Danville man accused in attack at senior complex found fit to stand trial

Danville man accused in attack at senior complex found fit to stand trial

DANVILLE — An 88-year-old Tilton man said he's relieved that the case of Danville man accused of forcing his way into his apartment, robbing him and brutally attacking him nearly two years ago is moving forward.

Vermilion County Circuit Judge Tom O'Shaughnessy ruled Thursday that Tyren C. Wilson, 21, is mentally fit to stand trial on a string of charges stemming from an April 2016 incident at the Tilton Senior Complex during which John Golden, a Korean War veteran, was held hostage and beaten with a gun.

Wilson — who appeared agitated and argued with his court-appointed attorney, Rana Meents, as he did at his last court appearance in November — indicated he wanted different representation.

"She's not working in my favor," Wilson said, among other things, prompting O'Shaughnessy to tell him he would have to make a written motion in order for that to be considered.

Thursday's ruling comes more than eight months after the judge ruled that Wilson was unfit to stand trial based on evaluations by two court-appointed psychiatrists.

Wilson faces two counts of home invasion and one count of armed robbery with a firearm, Class X felonies.

He also faces one count of aggravated battery-great bodily harm to a person 60 or older and one count of possession of a firearm with a revoked FOID card.

If convicted of the most serious charges, Wilson could be sentenced to 25 years to life in prison.

According to a sheriff's deputy's testimony at his preliminary hearing, Wilson went to the Coachlight Mobile Home Park in Tilton on the afternoon of April 15, 2016. While fleeing from police, he ran to the nearby Tilton Senior Complex, entered an elderly woman's apartment, put a gun to her head and threatened to kill her and took items from her home.

The deputy said when the woman escaped her apartment, Wilson broke through a wall into an adjacent apartment belonging to Golden. Wilson battered the man at least five times on three separate occasions and held him hostage until he finally surrendered to police.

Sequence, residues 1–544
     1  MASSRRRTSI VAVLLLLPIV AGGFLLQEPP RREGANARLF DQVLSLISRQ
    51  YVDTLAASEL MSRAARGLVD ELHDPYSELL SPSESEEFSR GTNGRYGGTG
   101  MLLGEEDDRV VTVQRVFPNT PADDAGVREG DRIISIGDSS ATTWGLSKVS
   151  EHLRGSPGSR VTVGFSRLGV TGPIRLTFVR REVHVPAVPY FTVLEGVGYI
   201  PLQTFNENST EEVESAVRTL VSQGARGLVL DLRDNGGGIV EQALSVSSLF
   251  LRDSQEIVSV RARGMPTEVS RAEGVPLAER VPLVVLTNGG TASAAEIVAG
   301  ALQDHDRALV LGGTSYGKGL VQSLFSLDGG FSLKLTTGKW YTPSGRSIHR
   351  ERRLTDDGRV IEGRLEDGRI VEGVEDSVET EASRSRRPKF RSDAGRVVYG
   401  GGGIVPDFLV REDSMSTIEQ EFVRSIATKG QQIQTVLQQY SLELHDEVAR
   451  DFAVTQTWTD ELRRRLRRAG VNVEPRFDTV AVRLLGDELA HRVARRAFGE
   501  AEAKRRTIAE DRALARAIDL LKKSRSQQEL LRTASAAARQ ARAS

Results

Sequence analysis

A month after the incident, Golden told The News-Gazette that after he refused to hide him from police, his attacker repeatedly beat him in the head with a gun and threatened to kill him.

Golden was taken by ambulance to a hospital, where he stayed for four days. He received 107 stitches and eight staples in his head, ears and the bridge of his nose. His ring finger was broken, and his face and shoulders were covered in bruises.

Dr. Lawrence Jeckel, a Champaign psychiatrist, was appointed to evaluate Wilson in February 2017, and Dr. Philip Pan, a Springfield psychiatrist, was appointed to evaluate him in June. Both said that Wilson claimed to have hallucinations and believed he was working with the government.

After O'Shaughnessy found him unfit to stand trial, Wilson — who had been in the county jail on a $1 million bond — was sent to McFarland Mental Health Center in Springfield.

At a fitness hearing in November, special prosecutor Tom Brown of the Illinois Attorney General's Office presented testimony from two professionals who worked at the mental-health facility.

Springfield psychiatrists Rachel Harlan Link and Linda Lanier both testified that they had a chance to observe and evaluate Wilson during his stay and found him mentally fit. Furthermore, both said they believed Wilson was exaggerating symptoms and malingering to avoid trial.

At that time, Meents asked the judge to have her client re-evaluated by Jeckel before making a ruling. She also presented a letter written by Wilson that included "conspiracy theories" about working with the government, which caused her to question his ability to cooperate with her to put on his defense.

O'Shaughnessy ordered Jeckel to re-evaluate Wilson, which the psychiatrist did in February.

On Thursday, Brown said that this time, Jeckel found him fit for trial.

Before the short hearing ended, O'Shaughnessy admonished Wilson for repeatedly trying to talk to people in the gallery, even after a sheriff's deputy told him to turn around.

Wilson, who has been in the county jail since his fitness hearing in November, is scheduled to be back in court April 30 for a pretrial hearing.

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